Central sues lake property owners–again

Lessees taken to courtin 1994, 2002.

Property owners at Jeffrey and Midway Lakes recently received certified letters from Central Nebraska Public Power & Irrigation District stating that their leases have been terminated.

The letter goes on to state that Central filed an action in district court regarding the termination notice and lease.

Jeffrey and Midway lakes are on Central’s supply canal that provides irrigation and power.

Central leases land next to the two lakes to the two corporations—Jeffrey Lake Development Inc. and Midway Wildlife and Recreation Club—on which property owners have built cabins and homes.

The corporations in turn sublease to property owners who pay a yearly fee.

Central’s board of directors approved the sending of the termination notice at their July 6 meeting.

The district’s public relations manager, Tim Anderson, said in a news release that Central officials hope that property owners will enter into new leases with them.

A draft of a proposed lease agreement, between Central and each individual property owner, was included in the mailing.

Anderson said the action is intended to resolve litigation over charging lease fees at both lakes.

He described the litigation as ongoing since 1995 when property owners sued to prevent Central from the collection of proposed lease fees at the lakes.

In that case, the Nebraska Supreme Court upheld a Lincoln County District Court ruling which prevented Central from collecting lease fees from property owners at the two lakes.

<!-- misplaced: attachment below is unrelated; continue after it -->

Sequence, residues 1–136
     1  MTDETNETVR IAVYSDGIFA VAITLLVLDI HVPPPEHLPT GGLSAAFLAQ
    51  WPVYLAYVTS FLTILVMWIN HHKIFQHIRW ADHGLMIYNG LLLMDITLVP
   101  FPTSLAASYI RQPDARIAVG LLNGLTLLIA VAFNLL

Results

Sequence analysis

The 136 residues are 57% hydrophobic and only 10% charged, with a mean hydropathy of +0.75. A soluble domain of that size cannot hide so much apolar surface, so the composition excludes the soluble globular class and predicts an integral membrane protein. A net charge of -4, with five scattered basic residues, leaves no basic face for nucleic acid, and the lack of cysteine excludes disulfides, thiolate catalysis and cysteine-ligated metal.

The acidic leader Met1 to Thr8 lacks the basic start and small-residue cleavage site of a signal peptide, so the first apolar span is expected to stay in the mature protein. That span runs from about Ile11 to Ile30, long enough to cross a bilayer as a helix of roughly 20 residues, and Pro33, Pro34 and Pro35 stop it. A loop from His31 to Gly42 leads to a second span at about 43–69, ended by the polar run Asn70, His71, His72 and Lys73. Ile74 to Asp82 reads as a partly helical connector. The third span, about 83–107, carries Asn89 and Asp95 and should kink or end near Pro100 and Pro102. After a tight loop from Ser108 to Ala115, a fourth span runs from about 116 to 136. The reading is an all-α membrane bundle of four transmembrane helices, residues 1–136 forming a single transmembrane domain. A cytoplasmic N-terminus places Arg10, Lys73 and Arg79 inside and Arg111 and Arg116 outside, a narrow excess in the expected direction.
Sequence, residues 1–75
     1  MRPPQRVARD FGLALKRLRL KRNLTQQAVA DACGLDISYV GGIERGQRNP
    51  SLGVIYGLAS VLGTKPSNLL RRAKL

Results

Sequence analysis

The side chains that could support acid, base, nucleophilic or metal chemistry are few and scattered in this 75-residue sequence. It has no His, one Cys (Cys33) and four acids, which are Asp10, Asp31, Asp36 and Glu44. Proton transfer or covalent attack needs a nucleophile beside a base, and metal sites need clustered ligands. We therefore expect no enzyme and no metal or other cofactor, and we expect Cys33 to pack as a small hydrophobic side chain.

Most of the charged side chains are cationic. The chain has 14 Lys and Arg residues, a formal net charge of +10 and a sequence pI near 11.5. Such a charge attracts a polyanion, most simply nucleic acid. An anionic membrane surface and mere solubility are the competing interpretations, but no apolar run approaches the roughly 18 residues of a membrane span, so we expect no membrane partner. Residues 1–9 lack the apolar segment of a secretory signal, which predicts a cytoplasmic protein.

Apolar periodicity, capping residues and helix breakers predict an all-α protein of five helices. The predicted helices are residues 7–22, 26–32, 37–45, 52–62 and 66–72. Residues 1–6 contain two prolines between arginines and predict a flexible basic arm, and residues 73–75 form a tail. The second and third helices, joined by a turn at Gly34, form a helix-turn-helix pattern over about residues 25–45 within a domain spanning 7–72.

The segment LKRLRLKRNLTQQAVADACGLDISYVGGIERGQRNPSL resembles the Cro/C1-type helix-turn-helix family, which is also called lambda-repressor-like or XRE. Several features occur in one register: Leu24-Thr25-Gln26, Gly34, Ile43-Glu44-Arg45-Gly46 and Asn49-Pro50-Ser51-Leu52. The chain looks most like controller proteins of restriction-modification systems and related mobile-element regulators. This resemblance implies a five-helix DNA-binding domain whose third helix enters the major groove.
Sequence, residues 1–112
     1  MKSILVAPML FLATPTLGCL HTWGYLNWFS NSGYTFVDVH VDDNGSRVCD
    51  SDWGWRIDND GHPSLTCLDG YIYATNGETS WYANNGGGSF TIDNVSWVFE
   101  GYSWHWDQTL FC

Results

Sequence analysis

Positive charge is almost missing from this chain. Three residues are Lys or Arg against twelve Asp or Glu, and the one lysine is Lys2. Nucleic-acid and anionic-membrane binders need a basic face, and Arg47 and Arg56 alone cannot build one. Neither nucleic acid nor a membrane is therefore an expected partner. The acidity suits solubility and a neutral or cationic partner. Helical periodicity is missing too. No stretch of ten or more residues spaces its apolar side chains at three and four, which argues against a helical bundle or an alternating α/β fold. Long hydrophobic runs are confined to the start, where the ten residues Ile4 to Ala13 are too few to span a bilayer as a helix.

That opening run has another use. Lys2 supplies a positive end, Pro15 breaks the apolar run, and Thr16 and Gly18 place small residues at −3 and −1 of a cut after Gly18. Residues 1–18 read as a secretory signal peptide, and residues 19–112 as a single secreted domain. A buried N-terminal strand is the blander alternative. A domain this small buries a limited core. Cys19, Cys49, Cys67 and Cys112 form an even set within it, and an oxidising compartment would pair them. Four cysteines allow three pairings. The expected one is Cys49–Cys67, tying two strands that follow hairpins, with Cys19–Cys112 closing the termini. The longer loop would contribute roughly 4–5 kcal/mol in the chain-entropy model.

Gothenburg attorney Steve Windrum, who represents the Jeffrey and Midway Lake corporations, said the ruling prevented Central from collecting rent under the existing leases written decades ago.

In the most recent development, Windrum said the bottom line is that Central wants to end the lease agreements with the lake associations—agreed to in 1980 with Jeffrey and 1981 with Midway—and put a new one in place between Central and each of the individual sublessees.

The agreement would allow Central to charge rent—starting at $500 per lot in 2010 for Jeffrey leaseholders and $250 per lot for leaseholders at Midway.

The proposed lease would also spell out new rules for lessees including such things as how the lease could be terminated, maintenance of leased property including shoreline and structure requirements.

Property owners at Johnson Lake and Lake McConaughy are charged a fee which is determined by a percentage of the appraised values of their lots.

The two lakes are also part of Central’s water supply.

On behalf of the Jeffrey and Midway corporations, Windrum said he plans to ask the judge to dismiss Central’s case.

In addition, he said he plans to include a claim that Central breached a civil law so the lake corporations can sue for interference with a contractual relationship.

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